I read with interest David Kingdon's contribution (letters, 14 January). He is right that the term 'psychopathic disorder' is often used too broadly. However, in my previous correspondence I intended it to be synonymous with anti-social personality disorder, but stuck to the term used by politicians. His conclusions seem to be consistent with some recommendations from the Ashworth inquiry.
But Mr Howlett's arguments (letters, 14 January) are less convincing.
The term 'forensic' defines the patient group and service framework, not therapeutic intervention. Psychotherapy can take different forms but none is a panacea. Each can be effective in different situations for different problems, and offences involving sex and violence may have numerous causes, some of which may be amenable to specific therapy. But it does not follow that the fundamental characteristics of someone who has anti-social personality disorder can be changed by such measures. There is no such convincing evidence.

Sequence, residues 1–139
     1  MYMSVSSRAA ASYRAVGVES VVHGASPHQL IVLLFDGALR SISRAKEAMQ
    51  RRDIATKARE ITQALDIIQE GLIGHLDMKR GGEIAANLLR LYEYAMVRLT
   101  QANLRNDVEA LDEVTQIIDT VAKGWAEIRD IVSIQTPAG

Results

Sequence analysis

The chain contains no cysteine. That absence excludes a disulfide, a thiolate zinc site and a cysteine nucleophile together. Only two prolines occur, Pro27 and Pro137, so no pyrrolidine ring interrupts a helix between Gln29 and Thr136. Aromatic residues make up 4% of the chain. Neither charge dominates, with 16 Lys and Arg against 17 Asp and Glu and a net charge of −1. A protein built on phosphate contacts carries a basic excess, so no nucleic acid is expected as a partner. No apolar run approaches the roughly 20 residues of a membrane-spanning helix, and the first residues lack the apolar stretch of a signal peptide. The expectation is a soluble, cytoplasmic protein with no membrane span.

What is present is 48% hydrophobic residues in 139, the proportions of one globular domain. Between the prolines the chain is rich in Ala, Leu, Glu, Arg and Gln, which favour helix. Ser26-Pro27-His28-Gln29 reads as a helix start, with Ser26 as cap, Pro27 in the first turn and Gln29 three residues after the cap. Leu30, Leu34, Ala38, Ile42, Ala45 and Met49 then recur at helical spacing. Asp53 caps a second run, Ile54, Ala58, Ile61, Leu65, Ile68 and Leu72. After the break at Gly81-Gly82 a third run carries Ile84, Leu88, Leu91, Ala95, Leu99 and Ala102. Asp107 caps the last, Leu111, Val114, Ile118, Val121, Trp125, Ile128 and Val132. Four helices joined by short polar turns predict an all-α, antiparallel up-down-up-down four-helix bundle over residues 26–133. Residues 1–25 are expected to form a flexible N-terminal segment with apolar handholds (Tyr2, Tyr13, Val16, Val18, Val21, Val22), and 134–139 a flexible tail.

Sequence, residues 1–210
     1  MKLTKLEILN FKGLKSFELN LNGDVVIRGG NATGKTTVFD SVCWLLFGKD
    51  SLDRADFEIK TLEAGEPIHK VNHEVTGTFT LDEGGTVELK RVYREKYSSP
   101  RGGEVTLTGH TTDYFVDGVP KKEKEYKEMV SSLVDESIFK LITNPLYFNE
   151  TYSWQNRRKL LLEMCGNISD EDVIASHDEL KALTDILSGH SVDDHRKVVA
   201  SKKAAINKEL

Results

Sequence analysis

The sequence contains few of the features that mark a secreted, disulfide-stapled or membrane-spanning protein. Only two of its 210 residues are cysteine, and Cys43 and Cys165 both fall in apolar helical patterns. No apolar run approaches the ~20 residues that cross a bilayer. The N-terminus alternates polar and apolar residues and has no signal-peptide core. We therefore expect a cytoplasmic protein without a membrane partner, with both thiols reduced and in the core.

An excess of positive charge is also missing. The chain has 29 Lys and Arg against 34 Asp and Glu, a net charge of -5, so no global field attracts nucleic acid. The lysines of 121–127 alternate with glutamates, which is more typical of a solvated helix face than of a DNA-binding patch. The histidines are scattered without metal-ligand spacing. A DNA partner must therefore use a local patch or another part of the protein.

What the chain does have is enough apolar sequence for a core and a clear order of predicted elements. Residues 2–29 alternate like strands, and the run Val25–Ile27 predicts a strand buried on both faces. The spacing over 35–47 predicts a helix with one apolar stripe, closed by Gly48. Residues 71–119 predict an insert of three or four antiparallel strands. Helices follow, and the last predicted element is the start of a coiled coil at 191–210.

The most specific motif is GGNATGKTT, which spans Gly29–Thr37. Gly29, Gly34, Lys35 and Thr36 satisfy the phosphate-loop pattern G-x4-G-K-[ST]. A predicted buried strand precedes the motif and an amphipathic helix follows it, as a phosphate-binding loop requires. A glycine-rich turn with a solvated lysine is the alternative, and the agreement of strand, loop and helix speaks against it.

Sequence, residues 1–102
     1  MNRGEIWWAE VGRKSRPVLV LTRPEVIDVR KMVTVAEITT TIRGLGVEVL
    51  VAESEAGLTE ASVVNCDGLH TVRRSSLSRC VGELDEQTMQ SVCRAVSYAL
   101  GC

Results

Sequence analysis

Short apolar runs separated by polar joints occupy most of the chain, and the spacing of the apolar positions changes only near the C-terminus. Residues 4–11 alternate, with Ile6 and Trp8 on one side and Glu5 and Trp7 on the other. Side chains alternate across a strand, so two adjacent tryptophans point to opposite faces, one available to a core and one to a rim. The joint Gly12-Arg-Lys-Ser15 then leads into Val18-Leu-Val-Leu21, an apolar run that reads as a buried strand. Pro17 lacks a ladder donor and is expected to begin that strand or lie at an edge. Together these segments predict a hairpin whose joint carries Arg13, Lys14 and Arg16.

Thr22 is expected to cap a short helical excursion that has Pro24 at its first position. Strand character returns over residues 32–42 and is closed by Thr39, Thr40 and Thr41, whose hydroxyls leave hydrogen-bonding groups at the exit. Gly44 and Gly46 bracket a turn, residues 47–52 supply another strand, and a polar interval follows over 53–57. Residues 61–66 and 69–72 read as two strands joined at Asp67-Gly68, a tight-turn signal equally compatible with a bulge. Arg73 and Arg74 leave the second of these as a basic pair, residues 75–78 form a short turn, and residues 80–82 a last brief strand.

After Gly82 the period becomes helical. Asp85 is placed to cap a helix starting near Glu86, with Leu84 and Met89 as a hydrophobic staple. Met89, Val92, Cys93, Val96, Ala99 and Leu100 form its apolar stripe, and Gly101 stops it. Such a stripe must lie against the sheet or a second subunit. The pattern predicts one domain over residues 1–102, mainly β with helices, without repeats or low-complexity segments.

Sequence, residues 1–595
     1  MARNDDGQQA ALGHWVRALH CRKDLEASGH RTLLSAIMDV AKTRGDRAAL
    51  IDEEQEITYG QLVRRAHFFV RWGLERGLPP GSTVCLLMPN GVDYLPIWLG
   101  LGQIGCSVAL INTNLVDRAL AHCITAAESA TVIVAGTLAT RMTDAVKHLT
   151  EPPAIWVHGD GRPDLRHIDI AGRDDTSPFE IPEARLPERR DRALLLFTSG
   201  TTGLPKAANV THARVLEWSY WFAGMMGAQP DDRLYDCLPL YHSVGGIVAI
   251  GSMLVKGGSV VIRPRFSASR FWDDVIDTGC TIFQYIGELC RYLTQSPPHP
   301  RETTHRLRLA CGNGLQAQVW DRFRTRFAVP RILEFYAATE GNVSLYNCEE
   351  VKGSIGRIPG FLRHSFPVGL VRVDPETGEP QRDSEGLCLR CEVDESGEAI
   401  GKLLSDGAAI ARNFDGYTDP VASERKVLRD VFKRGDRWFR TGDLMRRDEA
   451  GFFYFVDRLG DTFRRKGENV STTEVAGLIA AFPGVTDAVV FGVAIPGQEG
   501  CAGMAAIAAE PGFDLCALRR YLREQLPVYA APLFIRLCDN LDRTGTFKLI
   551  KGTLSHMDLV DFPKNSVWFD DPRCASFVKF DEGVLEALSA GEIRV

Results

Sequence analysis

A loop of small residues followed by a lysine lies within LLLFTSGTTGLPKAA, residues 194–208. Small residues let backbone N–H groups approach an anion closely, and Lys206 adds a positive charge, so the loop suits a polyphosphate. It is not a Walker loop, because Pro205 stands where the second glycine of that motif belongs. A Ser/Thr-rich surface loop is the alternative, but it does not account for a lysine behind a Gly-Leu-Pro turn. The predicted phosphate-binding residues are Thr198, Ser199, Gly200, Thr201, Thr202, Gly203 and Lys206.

The American classification system Mr Howlett quotes is well known and respected and the definition is accurate;
unfortunately, the presence of traits that begin in 'childhood or early adolescence and continue into adulthood' is what defines personality characteristics of all kinds, and is part of the WHO definition of normal personality.
It does not follow that therapy will lead to change. But he is right that the best prospects of therapeutic gain in most situations follow interventions at the earliest opportunity.
Nevertheless, the causes of anti-social personality disorder are multi-factorial, and thus interventions need to be complex. Therapy alone does not seem to provide the solutions which, if they exist, may include social, family, economic and psychological measures.
Sustained anti-social behaviour requires a broad understanding and response from society, and it should not merely be abandoned to mental health services.
Dr Hugh Griffiths Medical director/consultant psychiatrist Northumberland Mental Health trust